Faith, wikis and human nature

Two seemingly disconnected conversations have my interest today. At Poynter, Steve Outing takes an important and critical look at the dream of Wikis. Citing Wikipedia founder Jimmy Wales’ comments last week about tightening control over some aspects of content, Steve makes an important observation:

I wonder if this will lead the way toward a new wave of partially closed wikis. The pure wiki concept represents complete openness. But perhaps Wikipedia’s experience is showing that alternatives should be explored. I can envision wikis written and edited by vetted groups of experts. Human nature being what it is, perhaps the ideal of complete openness is a pipe dream.
Meanwhile, Dan Gillmor continues to howl at the notion of President Bush’s approval of the idea of teaching “intelligent design” in science classes. Dan zings the San Francisco Chronicle for making it appear that creationism is the “other side” of evolution.
This is exactly the misguided journalism the creationists want. It presents creationism as “the other side” of the debate, as if the two explanations of humanity’s rise are scientifically equivalent in terms of the evidence.

They are not remotely equivalent. Evolution is scientifically serious and backed by overwhelming evidence. Creationism is faith, backed by faith. Science teachers who are forced to teach it as a viable alternative in science classes are being forced to violate their duty to students.

Both of these posts/discussions involve — at core — one’s view of human nature and how that nature influences behavior. In my view, every controversy seems to find its root here, which is why it’s so important for us to talk about it. We don’t, because it’s messy. Is man (or woman) inherently inclined to do good or otherwise?

If you believe the latter, then your view of law enforcement takes on a very rigid, black and white edge. If you believe the former, you’ll look for external causes to explain man’s inhumanity towards man. Which is right? Perhaps both or neither.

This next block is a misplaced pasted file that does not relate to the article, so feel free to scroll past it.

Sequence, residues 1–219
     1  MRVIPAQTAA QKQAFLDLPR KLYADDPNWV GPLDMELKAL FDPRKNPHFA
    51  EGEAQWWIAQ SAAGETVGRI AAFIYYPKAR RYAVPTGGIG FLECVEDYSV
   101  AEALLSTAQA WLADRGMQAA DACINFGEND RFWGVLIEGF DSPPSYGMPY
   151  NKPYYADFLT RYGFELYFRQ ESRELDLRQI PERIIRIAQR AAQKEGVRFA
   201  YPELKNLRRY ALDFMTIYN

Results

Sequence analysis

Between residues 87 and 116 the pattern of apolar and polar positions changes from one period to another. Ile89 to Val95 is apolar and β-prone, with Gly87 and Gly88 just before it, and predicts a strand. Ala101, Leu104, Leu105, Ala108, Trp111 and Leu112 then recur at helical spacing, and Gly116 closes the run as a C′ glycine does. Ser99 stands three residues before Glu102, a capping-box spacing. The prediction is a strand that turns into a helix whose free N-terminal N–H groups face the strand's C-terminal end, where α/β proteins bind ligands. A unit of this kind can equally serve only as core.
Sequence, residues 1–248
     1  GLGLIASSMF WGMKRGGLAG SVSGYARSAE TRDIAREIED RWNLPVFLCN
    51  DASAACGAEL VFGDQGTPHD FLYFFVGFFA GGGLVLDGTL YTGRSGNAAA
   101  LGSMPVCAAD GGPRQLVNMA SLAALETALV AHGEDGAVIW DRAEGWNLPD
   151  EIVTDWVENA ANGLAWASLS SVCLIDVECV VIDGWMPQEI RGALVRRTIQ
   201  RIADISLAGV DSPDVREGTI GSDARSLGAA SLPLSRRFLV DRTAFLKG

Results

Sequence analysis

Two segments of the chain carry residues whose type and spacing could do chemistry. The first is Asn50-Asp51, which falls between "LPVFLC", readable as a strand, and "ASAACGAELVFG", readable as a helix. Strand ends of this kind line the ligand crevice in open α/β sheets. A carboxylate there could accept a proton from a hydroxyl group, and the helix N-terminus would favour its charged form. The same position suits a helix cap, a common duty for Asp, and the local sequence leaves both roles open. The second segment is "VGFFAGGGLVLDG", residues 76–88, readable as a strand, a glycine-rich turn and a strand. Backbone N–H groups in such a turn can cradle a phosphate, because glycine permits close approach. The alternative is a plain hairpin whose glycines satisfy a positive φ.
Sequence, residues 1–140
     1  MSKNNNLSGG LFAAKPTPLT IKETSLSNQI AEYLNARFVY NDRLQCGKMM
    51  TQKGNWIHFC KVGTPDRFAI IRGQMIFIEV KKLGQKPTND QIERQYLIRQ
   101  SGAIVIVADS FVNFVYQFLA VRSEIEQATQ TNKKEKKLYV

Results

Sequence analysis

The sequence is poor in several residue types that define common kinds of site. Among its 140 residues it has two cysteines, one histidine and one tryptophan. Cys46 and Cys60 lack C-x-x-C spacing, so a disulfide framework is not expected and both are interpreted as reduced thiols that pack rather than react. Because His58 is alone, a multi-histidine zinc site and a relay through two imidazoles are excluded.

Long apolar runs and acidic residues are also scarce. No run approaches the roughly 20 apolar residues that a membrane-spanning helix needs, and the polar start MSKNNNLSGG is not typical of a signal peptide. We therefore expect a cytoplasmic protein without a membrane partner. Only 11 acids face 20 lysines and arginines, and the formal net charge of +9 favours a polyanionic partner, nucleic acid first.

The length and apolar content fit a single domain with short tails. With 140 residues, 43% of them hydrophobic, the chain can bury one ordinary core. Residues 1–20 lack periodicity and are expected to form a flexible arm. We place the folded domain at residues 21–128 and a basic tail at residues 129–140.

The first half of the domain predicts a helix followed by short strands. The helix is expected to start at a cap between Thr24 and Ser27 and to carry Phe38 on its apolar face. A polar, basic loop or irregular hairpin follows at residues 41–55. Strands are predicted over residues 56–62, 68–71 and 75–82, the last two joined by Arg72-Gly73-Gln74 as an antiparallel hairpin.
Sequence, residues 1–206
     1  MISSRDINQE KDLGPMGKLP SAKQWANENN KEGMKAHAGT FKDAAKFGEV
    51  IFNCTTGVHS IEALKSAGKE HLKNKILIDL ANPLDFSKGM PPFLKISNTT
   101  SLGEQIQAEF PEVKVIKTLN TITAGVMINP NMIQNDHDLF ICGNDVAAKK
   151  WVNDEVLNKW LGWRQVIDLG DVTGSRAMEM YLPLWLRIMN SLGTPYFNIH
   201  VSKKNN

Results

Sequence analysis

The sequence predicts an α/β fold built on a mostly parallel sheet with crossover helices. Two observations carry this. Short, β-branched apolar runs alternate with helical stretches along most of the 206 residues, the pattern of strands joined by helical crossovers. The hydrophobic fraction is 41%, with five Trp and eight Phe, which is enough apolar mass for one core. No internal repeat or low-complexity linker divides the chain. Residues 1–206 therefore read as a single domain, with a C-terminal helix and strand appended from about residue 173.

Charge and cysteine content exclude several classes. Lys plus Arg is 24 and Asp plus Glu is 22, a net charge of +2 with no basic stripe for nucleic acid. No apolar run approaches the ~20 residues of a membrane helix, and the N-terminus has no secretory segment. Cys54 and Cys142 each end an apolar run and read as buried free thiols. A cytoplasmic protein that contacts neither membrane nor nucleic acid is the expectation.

I used to run an online community, so I know well of Mr. Wales’ frustration. Despite the best intentions of the many, the few are always around to destroy everything. It got to the point that we were spending all of our time policing bad behavior, and so we gave up. Wikipedia is a fabulous expression of community, and I hate that it’s being picked at by people with nothing better to do. Is this human nature, as Steve notes?

The older I get, the more profound my belief in a Higher Power. The chicken and egg question is an easy one for me, because I think it’s much more useful to just turn the page and move on. “The secret things belong to God,” and I’m comfortable with that. It’s one of the things that helps me always point forward. I don’t know everything, and I don’t need to know.

Yet, I’m in complete agreement with Dan on his position that this shouldn’t be taught next to science. Why? Human nature. Here’s the problem, you can’t teach this alongside evolution without teaching somebody’s version of it, and I don’t trust anybody to get that one right. Science is science. Faith is faith.

While the view that mankind is inherently corrupt is more conservative than liberal, it’s always amazing to me that the right doesn’t view themselves or their policies with the same jaundiced eye. They’re too busy being human to do that.

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